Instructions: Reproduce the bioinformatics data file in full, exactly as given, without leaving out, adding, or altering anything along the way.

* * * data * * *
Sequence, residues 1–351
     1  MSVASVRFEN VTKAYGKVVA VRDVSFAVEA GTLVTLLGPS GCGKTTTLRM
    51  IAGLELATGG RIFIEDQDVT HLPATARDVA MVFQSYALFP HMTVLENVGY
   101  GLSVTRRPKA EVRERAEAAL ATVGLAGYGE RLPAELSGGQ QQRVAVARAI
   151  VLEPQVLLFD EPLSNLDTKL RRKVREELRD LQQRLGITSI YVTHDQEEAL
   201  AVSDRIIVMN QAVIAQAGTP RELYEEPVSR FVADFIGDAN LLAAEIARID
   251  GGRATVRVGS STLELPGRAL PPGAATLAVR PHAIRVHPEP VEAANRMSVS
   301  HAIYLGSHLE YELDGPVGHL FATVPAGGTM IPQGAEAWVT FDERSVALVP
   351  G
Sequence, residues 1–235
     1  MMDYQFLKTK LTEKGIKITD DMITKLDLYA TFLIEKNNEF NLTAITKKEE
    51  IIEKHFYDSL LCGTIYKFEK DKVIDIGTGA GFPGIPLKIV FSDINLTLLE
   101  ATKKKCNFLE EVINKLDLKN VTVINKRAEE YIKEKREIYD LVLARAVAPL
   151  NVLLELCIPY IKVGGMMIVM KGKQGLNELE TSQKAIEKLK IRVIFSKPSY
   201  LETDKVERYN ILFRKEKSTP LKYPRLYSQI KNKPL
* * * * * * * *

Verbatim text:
Sequence, residues 1–351
     1  MSVASVRFEN VTKAYGKVVA VRDVSFAVEA GTLVTLLGPS GCGKTTTLRM
    51  IAGLELATGG RIFIEDQDVT HLPATARDVA MVFQSYALFP HMTVLENVGY
   101  GLSVTRRPKA EVRERAEAAL ATVGLAGYGE RLPAELSGGQ QQRVAVARAI
   151  VLEPQVLLFD EPLSNLDTKL RRKVREELRD LQQRLGITSI YVTHDQEEAL
   201  AVSDRIIVMN QAVIAQAGTP RELYEEPVSR FVADFIGDAN LLAAEIARID
   251  GGRATVRVGS STLELPGRAL PPGAATLAVR PHAIRVHPEP VEAANRMSVS
   301  HAIYLGSHLE YELDGPVGHL FATVPAGGTM IPQGAEAWVT FDERSVALVP
   351  G
Sequence, residues 1–235
     1  MMDYQFLKTK LTEKGIKITD DMITKLDLYA TFLIEKNNEF NLTAITKKEE
    51  IIEKHFYDSL LCGTIYKFEK DKVIDIGTGA GFPGIPLKIV FSDINLTLLE
   101  ATKKKCNFLE EVINKLDLKN VTVINKRAEE YIKEKREIYD LVLARAVAPL
   151  NVLLELCIPY IKVGGMMIVM KGKQGLNELE TSQKAIEKLK IRVIFSKPSY
   201  LETDKVERYN ILFRKEKSTP LKYPRLYSQI KNKPL